Summary of BRAF V600E

BRAF is a kinase that plays an integral role in the MAPK signaling cascade that controls cell proliferation and survival. Mutations in BRAF are common in many cancers with the most common mutation identified as BRAF V600E. This mutation is predominantly linked to advanced stage or metastatic melanoma, but it is not limited to skin cancer. BRAF inhibitors targeting the V600 mutation (vemurafenib and dabrafenib) are proven to have clinical utility in targeting cancer identified to have the targetable BRAF mutation. Not only are there numerous studies detailing the drugs’ effectiveness in approved uses, there are also several studies and cases showing utility in other cancer populations outside of FDA defined indication. These studies and case reports suggest therapy efficacy when the target is present.


Results of CGP testing provide clinical guidance to national guidelines (NCCN) for cancer treatment (NCCN) indicated precision therapeutic approaches. As was discussed, “targeting the target” describes an approach of identifying actionable molecular aberrations within signaling pathways associated with cancer maintenance and progression. There are a limited number of hallmark biological capabilities necessary for cancer development and persistence (sustained proliferation, evasion of growth suppressors, resistance to cell death, replicative immortality, angiogenesis, invasion ± metastability, reprogrammed energy metabolism and immune evasion) [187]. These capabilities support one or more of three core processes, i.e., cell survival, cell fate and genome maintenance, which are subserved by one or more of 12 signaling pathways [188]. Being able to identify and block one more of these cancer specific relevant pathway [s] underlying the core cancer survival processes will cripple cancer persistence and progression. The multigenomic/proteomic components of each of these relevant pathways are dependent on a limited number of aberrant and rewired “hub” elements comprising “driver” genes (oncogenes and suppressor genes) [4,188-190]. These are rate-limiting genes/proteins and high-information transfer genes/proteins, the targeting of which is feasible and has been demonstrated many times in the clinical arena as we highlighted in this review to effectively block cancer specific relevant pathways resulting in clinical cost effective survival and response benefit which appears to be independent of cancer histology [6,191].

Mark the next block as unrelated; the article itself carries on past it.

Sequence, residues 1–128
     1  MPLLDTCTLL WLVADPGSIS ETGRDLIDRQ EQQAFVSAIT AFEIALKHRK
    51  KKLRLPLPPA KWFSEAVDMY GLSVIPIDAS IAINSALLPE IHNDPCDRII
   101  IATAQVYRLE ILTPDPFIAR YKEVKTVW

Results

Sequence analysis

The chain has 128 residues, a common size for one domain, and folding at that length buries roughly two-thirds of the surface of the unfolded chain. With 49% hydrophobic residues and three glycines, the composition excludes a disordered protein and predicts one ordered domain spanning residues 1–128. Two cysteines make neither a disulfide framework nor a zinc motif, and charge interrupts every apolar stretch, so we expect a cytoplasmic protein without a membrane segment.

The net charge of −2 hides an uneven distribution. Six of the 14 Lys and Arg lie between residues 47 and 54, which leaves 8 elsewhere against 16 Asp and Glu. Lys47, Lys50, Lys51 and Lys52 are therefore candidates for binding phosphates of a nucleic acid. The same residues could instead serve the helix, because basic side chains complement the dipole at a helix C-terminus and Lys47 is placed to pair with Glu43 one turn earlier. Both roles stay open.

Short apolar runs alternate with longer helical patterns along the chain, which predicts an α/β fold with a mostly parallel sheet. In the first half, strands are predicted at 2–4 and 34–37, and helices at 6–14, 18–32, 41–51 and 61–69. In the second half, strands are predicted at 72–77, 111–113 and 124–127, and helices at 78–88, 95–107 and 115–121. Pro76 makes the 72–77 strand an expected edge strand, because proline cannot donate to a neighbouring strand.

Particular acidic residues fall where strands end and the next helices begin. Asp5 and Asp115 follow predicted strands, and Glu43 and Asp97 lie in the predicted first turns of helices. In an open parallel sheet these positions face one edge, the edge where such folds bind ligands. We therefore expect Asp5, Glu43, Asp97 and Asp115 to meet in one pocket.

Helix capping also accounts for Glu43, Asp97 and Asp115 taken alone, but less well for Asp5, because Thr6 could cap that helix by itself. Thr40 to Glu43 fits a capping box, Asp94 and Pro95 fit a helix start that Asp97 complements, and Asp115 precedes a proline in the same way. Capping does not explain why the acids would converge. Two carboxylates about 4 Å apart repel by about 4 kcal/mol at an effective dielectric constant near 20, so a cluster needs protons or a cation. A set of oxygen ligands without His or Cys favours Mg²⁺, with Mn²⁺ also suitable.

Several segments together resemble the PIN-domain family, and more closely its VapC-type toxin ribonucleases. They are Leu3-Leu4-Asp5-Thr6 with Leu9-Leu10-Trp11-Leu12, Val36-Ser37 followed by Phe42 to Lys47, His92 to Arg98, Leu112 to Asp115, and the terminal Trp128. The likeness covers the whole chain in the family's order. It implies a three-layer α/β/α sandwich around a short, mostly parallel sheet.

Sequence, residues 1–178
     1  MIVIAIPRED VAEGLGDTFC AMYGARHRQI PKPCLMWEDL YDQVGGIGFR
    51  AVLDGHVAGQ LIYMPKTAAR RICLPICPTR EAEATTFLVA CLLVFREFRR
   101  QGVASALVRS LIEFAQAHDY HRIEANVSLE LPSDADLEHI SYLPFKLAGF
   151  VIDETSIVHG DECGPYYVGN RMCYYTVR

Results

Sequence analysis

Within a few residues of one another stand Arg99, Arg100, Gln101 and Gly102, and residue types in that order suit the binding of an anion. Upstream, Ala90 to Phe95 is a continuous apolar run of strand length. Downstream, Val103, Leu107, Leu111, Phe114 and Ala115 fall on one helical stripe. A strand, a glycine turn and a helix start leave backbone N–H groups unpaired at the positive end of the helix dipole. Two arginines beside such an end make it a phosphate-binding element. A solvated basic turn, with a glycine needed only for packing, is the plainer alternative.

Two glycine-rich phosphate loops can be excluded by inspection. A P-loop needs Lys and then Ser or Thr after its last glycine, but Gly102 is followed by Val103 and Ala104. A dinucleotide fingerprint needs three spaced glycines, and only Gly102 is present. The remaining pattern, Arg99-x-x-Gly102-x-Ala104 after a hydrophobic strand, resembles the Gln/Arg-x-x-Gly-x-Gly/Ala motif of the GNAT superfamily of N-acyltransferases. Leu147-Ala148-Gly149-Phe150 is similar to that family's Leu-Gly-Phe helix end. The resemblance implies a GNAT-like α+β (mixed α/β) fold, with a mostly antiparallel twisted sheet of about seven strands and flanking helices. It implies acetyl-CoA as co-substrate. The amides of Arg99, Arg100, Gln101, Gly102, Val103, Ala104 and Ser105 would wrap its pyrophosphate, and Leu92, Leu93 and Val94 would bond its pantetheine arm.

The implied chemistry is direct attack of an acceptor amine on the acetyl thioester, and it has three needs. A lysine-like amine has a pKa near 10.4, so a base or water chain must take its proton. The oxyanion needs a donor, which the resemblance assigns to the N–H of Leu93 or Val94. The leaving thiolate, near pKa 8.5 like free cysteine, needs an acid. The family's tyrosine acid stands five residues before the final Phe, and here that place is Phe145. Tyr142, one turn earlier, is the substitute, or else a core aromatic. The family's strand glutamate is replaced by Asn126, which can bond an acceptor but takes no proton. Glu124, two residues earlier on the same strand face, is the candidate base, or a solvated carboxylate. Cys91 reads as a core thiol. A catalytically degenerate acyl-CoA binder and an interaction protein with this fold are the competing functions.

As described, the introduction of genotyping studies (CGP) revealed genetic and molecular abnormalities in the various subtypes of cancer. These results are shifting the current and future paradigm of cancer management from histologicallydriven therapeutic strategies, to molecular-driven precision therapies. Several driver mutations, far more than presented here, along relevant cellular signal pathways have been identified in cancer, including alterations and mutations involving EFGR, ALK, KRAS, PIK3CA, BRAF, RET, MET, AKT1, CDK4/6, CDKN2A/B, BRACA1/2, PDGFRα, mTOR and ROS1 [32]. These have been shown to be disabled in function by precision therapy. Furthermore, certain mutations have been identified as indicators of drug sensitivity, primary drug resistance and acquired drug resistance thereby necessitating increased need for medical bioinformatic involvement. Characterization of these signals allows proper tailoring of therapies to specific genomic alterations and facilitates re-direction of the course of therapy if and when resistance emerges.

Overall early initial cancer response of matched precision therapy vs. standard chemotherapy is ≥ 6 fold higher and survival of ≥ 1 year has been de monstrated as significant advantage in metaanalysis of EGFR inhibitors involving advanced NSCLC [191]. Since that time, as described, comprehensive genomic profiling with identification of relevant molecular target to matched molecular therapy has revealed survival advantage of between 8 months and 2 years in late stage solid cancer populations, response of ≥ 30% vs. ≤ 10% [192-200] and statistically significant progression free survival advantage over standard chemotherapy [193-200]. Moreover, correlation has been shown with less hospitalization, emergency room visits and fewer toxic deaths [201]. Both molecular signal and molecular targeted immune therapy are further supported by FDA recent recommendation for matched target to target therapy basket trial design to biotechnology industry as a new standard for drug development of the future [12,202-206].


Combination matching of multiple targets with multiple precision therapies is showing further enhancement in patient benefit. Highlight of PIK3CA, BRCA1/2, EGFR, CDK4/6 and BRAF V600E mutations as indicators of broader use of precision therapy possibly expanding to advanced patients who have failed standard NCCN guideline options should be considered.


We would like to acknowledge Christina Egan with the University of Toledo for the collaboration among authors and exceptional support provided that made this publication possible.